Staying warm in winter is a right you deserve as a tenant, and one you’re required to provide as a landlord. But what are the rules when it comes to seeing a rental property through winter?
Under the Victorian government’s Residential Tenancies Act landlords must ensure that rented accommodation is maintained and in ‘good repair.’ So the onus is on the landlord to ensure gas heaters in their rental properties are maintained and safe.
“Renters are entitled to live in premises where any fixed appliances are safe to use and are maintained in good repair. Yet they must use these appliances according to instructions and report any faults immediately,” says Samuel Jenkin, Director of Consumer Affairs Victoria.
Here’s everything landlords and tenants need to know about keeping their properties and themselves safe in winter.
Landlords, and the real estate agents they employ, should be do the following:
Gas heaters and hot water systems need to be serviced every two years. When faults are reported, they should be checked as a matter or urgency.
Piping systems should be checked every five years. Flue systems, especially those connected to decorative gas log fires, internal hot water heaters and space heaters, must also be examined regularly.
“If more than two years have passed since an appliance was last inspected, a rental provider should consider scheduling an inspection of the appliance as soon as possible to ensure it is operating safely,” Jenkin says.
If you, the landlord, fail on these maintenance checks it could potentially harm or kill tenants, cause property damage and leave you subject to civil liability and potentially costly litigation.
Landlord insurance policies could also be affected if poorly serviced appliances were have found to have caused damage.
It’s best to plan regular maintenance checks in advance, so they can be done at agreed upon intervals that work for both tenant and landlord.
If you don’t respond immediately to any request for repair of a gas leak, or any other urgent repair, your tenant can authorise an urgent repair of up to $1,800, which will need to be paid back immediately.
When upgrading or repairing gas heaters, or taking on any other job that requires gasfitting or electrical work, landlords and agents must only use qualified tradespeople.
Gas appliances can only be installed, serviced or repaired by tradespeople registered or licensed by the Victorian Building Authority (VBA).
Note, not all plumbers are authorised to carry out gas installation. If you’re not sure, the tradie’s photo ID card will specify the type of work they’re eligible to do.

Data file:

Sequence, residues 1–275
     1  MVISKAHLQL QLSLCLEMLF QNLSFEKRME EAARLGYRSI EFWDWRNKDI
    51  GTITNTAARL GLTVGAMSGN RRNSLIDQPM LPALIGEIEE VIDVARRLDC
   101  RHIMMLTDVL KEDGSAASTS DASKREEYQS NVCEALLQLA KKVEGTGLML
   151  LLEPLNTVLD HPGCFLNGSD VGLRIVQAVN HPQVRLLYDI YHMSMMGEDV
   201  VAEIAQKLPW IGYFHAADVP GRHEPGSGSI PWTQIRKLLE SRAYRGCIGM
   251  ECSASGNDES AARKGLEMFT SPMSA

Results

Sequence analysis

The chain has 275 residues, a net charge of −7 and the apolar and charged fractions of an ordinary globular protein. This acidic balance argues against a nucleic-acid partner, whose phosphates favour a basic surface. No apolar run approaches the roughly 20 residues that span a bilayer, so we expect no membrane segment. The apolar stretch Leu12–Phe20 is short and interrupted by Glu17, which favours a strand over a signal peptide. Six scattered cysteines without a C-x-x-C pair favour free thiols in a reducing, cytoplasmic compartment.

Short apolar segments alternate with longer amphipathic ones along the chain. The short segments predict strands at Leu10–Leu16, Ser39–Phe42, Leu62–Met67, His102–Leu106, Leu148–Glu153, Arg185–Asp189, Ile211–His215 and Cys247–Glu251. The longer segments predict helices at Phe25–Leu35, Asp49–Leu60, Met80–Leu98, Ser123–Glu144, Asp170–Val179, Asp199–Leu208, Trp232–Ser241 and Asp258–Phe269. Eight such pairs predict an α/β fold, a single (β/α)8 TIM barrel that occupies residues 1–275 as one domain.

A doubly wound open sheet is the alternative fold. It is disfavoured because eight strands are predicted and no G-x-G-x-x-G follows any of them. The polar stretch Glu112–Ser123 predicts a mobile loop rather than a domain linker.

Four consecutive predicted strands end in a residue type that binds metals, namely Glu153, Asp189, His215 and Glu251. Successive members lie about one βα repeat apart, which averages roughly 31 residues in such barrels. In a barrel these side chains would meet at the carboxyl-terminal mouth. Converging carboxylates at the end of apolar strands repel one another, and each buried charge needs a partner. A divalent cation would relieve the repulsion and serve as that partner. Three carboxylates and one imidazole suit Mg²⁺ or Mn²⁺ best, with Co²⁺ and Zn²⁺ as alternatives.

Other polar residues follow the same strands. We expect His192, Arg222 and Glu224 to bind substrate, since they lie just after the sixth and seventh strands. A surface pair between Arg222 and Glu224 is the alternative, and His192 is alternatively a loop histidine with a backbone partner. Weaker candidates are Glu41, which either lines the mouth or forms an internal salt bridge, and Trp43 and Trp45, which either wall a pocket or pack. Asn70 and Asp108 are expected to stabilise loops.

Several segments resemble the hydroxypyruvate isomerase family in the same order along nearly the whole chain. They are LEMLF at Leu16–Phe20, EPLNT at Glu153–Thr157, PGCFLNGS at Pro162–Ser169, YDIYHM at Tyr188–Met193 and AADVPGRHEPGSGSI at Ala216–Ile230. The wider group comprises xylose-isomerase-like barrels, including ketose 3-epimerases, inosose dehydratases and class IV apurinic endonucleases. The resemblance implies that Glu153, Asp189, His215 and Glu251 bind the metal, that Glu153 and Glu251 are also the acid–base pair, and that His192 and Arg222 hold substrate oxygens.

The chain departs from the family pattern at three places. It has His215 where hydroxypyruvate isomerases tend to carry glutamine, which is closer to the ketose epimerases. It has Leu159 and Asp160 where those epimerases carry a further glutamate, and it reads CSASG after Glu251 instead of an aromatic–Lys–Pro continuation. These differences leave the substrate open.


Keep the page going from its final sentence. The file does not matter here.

Lastly, landlords are required to keep a clear recored of all safety checks and maintenance work carried out on a gas or electrical installation.
Tenants are entitled to working heating appliances in winter, but they’re also responsible for using them appropriately.
Here’s a list of responsibilities that lie with the tenant, as well as their rights when it comes to keeping warm safely:
It sounds obvious, but tenants should be using all heating appliances as per the manufacturer’s instructions.
If an appliance is damaged or faulty, you should stop using them immediately.
If you have called a landlord or real estate agent to administer repairs, the tradie needs to be able to enter the property without delay, so you need to have clear access to your property for a truck or trades vehicle.
Suspect a faulty heater? The malfunction needs to be reported to your landlord or agent as soon as possible. The ramifications could be serious if you leave it.
“Carbon monoxide leaks are hard to detect as the poisonous gas is tasteless, colourless and odourless and can result in death, serious injury or considerable property damage. It is vital that gas appliances are safe to use and are properly maintained,” Jenkin says.
If your landlord doesn’t respond promptly to your urgent query, you are within your rights to authorise and pay for repairs to the value of $1,800, and then seek reimbursement from your landlord.
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